Stacking the curve

I recently got a comment under one of my Instagram posts asking if it was hard to get back to painting my comic “Yuragi” after few months of break and painting a completely different thing (anime backgrounds).
The answer was “no” it was very easy to match the style and to get back into the groove.

But it should have been harder.

I started thinking and realized that I did not feel like I learned a lot during the break during which I, after all, was not idle – I painted more than 40 anime backgrounds with watercolors for the “Susume Karolina.” short animation. Sometimes big, complicated scenes.
But even though I put much time and effort into it I do not feel my style changed and my skill improved so much.

I must be at the top of THE CURVE in what I usually do (watercolor scenery painting in my style).


Come to think about it, when I did my previous illustration series (like “Bicycle Boy”) or even when I did the first half of “Yuragi” comic I could see and feel the progress in my technique I made. This time it was different – I made the work I was required to do for the animation and that’s it.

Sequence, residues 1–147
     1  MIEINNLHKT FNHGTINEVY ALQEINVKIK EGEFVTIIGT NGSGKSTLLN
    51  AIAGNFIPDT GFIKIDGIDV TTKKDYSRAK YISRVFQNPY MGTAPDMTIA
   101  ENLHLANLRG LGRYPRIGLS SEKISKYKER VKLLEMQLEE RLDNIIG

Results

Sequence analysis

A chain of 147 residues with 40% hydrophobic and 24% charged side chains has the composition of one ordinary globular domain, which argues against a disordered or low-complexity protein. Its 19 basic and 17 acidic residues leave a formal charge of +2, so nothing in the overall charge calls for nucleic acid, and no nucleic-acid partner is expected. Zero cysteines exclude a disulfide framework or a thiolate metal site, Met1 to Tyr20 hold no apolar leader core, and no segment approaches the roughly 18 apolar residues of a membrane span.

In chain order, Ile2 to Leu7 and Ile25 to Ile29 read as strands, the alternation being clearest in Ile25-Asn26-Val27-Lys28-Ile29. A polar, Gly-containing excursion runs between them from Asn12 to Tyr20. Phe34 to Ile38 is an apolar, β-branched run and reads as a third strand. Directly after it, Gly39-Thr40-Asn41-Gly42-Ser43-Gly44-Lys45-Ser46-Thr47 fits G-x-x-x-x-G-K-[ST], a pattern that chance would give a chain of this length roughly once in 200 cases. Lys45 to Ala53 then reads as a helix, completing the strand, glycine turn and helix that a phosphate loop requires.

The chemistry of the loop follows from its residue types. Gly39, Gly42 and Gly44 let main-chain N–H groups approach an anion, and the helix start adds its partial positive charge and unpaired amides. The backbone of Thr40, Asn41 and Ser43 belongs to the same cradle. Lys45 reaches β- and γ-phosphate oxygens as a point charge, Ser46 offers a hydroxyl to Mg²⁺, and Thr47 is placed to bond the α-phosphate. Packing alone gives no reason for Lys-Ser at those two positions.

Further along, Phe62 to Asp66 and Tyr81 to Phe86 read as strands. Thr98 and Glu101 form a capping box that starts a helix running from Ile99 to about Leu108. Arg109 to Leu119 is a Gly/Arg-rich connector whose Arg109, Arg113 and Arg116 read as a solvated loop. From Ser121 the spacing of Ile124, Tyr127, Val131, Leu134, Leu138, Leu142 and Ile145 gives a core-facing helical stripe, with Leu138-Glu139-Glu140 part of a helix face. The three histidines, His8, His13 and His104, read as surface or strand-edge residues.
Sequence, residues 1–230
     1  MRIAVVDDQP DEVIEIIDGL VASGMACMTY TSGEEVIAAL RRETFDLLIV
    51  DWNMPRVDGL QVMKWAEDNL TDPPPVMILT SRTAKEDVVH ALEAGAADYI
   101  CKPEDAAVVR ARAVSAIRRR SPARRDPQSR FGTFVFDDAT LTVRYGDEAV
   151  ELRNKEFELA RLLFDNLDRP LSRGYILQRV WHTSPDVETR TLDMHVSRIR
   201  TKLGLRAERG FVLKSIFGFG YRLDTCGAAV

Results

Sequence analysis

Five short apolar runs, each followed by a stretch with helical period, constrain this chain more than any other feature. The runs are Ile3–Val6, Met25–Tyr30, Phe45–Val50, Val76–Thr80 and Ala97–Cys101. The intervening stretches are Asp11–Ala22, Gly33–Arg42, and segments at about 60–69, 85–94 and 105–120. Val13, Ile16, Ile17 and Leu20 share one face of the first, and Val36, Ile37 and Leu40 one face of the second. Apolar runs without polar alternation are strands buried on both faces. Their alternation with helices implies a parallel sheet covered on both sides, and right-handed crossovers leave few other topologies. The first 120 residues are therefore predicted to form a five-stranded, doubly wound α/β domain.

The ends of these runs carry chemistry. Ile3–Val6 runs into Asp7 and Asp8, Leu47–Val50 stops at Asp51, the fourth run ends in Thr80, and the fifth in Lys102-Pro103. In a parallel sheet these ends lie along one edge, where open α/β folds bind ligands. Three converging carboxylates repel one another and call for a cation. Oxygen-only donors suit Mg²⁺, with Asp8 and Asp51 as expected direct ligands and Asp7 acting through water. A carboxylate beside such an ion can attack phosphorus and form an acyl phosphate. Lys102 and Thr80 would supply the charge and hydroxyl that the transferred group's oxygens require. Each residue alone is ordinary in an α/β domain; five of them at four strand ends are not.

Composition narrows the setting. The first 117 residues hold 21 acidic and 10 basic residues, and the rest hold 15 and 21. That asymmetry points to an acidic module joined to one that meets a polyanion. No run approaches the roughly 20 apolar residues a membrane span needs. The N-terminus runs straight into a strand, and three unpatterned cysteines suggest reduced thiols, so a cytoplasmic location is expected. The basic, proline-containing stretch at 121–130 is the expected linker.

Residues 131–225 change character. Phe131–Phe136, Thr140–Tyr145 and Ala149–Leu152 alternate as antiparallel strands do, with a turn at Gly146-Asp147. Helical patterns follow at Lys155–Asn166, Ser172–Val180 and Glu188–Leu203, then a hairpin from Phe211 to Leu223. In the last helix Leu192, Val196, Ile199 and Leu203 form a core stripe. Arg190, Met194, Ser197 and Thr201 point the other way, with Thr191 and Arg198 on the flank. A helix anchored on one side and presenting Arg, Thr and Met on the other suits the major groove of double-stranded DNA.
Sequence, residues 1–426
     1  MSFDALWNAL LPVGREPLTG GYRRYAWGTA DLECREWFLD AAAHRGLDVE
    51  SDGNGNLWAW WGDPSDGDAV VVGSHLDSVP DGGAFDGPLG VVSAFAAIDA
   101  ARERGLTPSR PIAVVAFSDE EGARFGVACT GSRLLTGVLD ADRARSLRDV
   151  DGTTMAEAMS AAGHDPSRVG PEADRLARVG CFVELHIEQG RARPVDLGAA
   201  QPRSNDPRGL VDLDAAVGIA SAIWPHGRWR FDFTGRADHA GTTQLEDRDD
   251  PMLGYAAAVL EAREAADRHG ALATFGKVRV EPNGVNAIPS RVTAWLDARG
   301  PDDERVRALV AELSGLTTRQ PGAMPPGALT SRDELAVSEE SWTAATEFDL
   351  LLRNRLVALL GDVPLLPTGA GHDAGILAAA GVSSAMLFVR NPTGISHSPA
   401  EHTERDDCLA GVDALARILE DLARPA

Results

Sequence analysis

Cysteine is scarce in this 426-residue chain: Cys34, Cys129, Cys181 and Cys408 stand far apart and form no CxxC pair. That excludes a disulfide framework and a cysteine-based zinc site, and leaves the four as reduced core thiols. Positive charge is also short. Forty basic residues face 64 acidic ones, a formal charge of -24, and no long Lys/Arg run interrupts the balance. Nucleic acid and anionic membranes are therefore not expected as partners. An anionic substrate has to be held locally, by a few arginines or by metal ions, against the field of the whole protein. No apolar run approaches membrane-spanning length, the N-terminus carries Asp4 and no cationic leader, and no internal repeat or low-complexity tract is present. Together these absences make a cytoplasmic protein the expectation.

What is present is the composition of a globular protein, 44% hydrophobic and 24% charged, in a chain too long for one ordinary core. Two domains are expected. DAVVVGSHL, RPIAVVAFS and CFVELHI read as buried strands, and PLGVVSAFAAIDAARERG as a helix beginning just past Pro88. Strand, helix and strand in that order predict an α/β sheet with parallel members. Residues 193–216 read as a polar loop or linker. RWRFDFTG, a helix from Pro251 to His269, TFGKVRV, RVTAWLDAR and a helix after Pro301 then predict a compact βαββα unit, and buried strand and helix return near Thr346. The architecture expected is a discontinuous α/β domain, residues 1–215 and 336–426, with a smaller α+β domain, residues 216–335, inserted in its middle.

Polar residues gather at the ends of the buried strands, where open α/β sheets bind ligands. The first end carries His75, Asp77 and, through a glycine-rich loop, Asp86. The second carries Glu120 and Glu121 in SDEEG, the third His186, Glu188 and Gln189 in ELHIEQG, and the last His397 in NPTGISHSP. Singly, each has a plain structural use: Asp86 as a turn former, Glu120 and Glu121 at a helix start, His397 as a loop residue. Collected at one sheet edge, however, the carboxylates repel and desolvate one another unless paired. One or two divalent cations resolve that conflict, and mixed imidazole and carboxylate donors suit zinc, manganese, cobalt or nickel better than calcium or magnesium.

To be honest, I started feeling this a little already some time ago. Even the pictures that I thought went 120% well were not “epiphanies” and leaps in skill level.

If I’m really at the curve level at which the time/energy spent payout is low what should I do? Just plow through and get a little better over many years and projects? Or should I try a different strategy?


I could add another learning curve on top of the current one to make the process a little bit more easy and rewarding. For example, I could start drawing more characters. I’m not so good at this so the learning process should bring more easy progress and satisfaction from learning.

This is probably one of the things I will do – try painting new stuff, like characters or using new techniques, like gouache or Procreate on iPad while trying to level-up my base scenery painting skill along with it.
At the same time, I will have to be careful not to lose any of the skill I worked so hard to get in scenery painting so it’s more like building on top of the first learning curve that already more-or-less leveled out to be able to do more interesting things!

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